After years of decline, the midsized car segment is actually up 1% in 2019 to 1.05 million sales, maintaining a 6.7% share of the overall car market. However, if it wasn’t for the thunderous arrival of the Tesla Model 3, the class would be down another 8% again this year. The all-electric sedan landed in 5th place with over 95,000 sales, of which 30,000 in The Netherlands and 15,700 in Norway, which means these two countries that account for 3.7% of the European car market have taken 48% of Model 3 deliveries thanks to generous subsidies and other perks for electric vehicles. In both countries the Model 3 was the best selling model overall and Tesla was the #2 best selling brand in Norway behind VW and in NL it was #3 behind VW and Opel. Another historic phenomenon in this segment happened in 2019, with the Mercedes-Benz C-Class taking the overall lead from the Volkswagen Passat, and luxury vehicles expanding their share to above 60% of the overall segment, also helped by the Model 3.
The Passat still leads the mainstream part of the class, but is down 19% to its lowest sales volume in at least two decades (our data doesn’t go further back than 1997 as the European Union was still smaller back then. The Skoda Superb is down 10% before the plug-in hybrid version may revive sales in 2020, and the Opel/Vauxhall Insignia is down 32% as PSA is less interested in selling a GM developed model after the takeover. The Insignia was outsold by the Peugeot 508 in both Q3 and Q4 but stayed just ahead of the Ford Mondeo, down 20% for the year. The Mazda6 is up 6% to distance the Renault Talisman, despite a 45% increase in Q4. The Kia Optima is down 15%, while the Toyota Camry lands in an overall 19th place (9th place among mainstream midsized cars) ahead of the Subary Legacy/Outback.
In the luxury part of the segment, which accounts for 60.5% of total midsized car sales in Europe (up from 54% in 2018), the C-Class maintains its top spot despite a 5% drop in deliveries. However, the C-Class figures include sales of the Coupe and Convertible models, which brands like BMW and Audi split into stand-alone models. When combining those, BMW takes the top spot with 160,400 sales of the 3-Series and 4-Series combined, up 1% on 2018 thanks to a 16% gain for the former because of the new generation. Audi would also finish 2019 ahead of Mercedes-Benz with a combined 144,800 deliveries for the A4 and A5, despite a combined 11% loss on 2018. The Volvo S60/V60 is up 37% thanks to the new generation, and this also sets a new annual sales record for the V60 nameplate at 56,777 sales, a take rate of 88.1% for the station wagon. The Alfa Romeo Giulia is down 36% to below 11,000 sales but remains ahead of the Jaguar XE which is down 27% to below 8,000 sales, just 0.8% share of the segment (1.3% of the luxury segment). The Lexus IS is due for a redesign, while Infiniti has been pulled from the European market, which will give the red lantern of the segment back to Lexus.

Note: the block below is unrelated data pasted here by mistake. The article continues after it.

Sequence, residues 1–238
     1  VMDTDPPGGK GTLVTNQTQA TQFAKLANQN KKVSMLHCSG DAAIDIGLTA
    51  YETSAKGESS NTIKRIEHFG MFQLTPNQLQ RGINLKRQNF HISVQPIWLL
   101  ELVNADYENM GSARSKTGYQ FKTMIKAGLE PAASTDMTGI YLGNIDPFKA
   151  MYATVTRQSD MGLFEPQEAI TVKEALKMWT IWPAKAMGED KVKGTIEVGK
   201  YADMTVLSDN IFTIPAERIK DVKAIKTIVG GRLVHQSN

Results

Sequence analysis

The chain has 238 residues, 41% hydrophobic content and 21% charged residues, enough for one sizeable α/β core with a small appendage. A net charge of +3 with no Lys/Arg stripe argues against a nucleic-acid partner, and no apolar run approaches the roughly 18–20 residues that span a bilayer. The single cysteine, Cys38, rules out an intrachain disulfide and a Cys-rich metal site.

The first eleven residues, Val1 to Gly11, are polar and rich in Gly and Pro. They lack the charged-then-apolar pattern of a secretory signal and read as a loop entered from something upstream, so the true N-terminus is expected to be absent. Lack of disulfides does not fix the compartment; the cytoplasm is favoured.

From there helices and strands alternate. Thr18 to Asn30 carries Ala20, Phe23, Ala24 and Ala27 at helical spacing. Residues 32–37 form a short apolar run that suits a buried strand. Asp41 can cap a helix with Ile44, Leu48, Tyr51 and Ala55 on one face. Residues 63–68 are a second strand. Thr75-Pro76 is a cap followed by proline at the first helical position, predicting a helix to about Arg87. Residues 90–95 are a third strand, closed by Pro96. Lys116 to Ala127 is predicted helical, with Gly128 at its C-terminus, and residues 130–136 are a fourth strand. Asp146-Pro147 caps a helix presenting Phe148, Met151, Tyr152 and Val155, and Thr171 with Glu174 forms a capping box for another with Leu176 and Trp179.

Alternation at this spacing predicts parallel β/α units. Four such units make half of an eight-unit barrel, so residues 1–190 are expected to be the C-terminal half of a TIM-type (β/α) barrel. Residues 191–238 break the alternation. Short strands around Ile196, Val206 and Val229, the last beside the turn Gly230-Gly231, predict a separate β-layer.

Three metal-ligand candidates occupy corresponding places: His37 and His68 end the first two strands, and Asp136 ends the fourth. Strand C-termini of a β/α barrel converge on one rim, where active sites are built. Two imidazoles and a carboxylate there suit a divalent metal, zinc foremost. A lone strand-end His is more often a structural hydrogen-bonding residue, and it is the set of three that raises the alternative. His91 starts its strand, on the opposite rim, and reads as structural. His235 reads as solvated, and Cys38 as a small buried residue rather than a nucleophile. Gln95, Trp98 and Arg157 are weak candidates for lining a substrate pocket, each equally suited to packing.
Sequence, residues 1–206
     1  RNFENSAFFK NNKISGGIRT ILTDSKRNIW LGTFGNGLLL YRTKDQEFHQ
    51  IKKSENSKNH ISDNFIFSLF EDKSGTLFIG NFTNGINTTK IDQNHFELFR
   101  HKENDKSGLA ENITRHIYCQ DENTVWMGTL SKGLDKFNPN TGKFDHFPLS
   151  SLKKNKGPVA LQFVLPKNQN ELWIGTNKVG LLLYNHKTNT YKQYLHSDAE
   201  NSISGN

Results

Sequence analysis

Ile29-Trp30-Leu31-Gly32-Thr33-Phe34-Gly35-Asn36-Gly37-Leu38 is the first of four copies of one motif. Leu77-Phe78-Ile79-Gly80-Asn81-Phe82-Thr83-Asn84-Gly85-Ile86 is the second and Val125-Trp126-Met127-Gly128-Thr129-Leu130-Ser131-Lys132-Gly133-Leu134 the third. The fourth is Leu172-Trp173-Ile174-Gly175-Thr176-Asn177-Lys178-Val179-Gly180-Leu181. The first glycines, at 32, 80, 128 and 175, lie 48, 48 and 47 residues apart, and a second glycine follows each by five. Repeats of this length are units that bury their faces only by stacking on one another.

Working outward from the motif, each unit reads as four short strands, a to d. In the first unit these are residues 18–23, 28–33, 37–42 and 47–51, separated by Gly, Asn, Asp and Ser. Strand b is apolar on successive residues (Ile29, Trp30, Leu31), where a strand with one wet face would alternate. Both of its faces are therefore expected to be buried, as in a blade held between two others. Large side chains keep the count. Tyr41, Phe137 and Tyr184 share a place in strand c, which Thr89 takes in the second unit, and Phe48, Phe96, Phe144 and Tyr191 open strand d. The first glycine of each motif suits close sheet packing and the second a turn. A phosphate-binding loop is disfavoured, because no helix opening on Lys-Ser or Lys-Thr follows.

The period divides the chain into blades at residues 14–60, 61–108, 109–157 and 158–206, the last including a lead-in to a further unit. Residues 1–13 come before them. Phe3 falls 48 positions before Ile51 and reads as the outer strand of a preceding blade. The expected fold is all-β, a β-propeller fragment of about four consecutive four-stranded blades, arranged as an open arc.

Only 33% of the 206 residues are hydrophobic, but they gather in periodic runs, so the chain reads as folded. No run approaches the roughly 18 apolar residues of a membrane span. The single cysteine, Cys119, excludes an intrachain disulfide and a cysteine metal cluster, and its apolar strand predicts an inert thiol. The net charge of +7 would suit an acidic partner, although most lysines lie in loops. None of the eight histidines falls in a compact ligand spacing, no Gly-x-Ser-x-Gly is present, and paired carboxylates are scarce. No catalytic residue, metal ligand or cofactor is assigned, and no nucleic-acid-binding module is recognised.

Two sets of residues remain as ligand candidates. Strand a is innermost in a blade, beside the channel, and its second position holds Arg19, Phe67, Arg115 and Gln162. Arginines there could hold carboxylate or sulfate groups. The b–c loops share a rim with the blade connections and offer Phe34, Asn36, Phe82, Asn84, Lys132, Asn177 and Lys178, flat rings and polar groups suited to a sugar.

|Midsized segment||2019||2018||Change||2019 share||2018 share|
|4||Audi A4 / S4 / RS4||102.994||112.484||-8%||9,9%||10,9%|
|5||Tesla Model 3||95.168||0||New||9,1%||0,0%|
|9||Audi A5 / S5 / RS5||41.812||49.799||-16%||4,0%||4,8%|
|17||Alfa Romeo Giulia||10.932||17.075||-36%||1,0%||1,7%|
|20||Subaru Legacy / Outback||7.504||7.460||1%||0,7%||0,7%|
Click on any model to see its annual sales from 1997-2019 and monthly sales from 2016 to 2020, or use the dropdown menu in the top right of this site.
Car sales statistics are from the following countries: Austria, Belgium, Cyprus, Czech Republic, Denmark, Estonia, Finland, France, Germany, Great Britain, Greece, Hungary, Iceland, Ireland, Italy, Latvia, Lithuania, Luxembourg, Netherlands, Norway, Poland, Portugal, Romania, Slovakia, Slovenia, Spain, Sweden, Switzerland.
Sources: Manufacturers, ANDC, JATO Dynamics.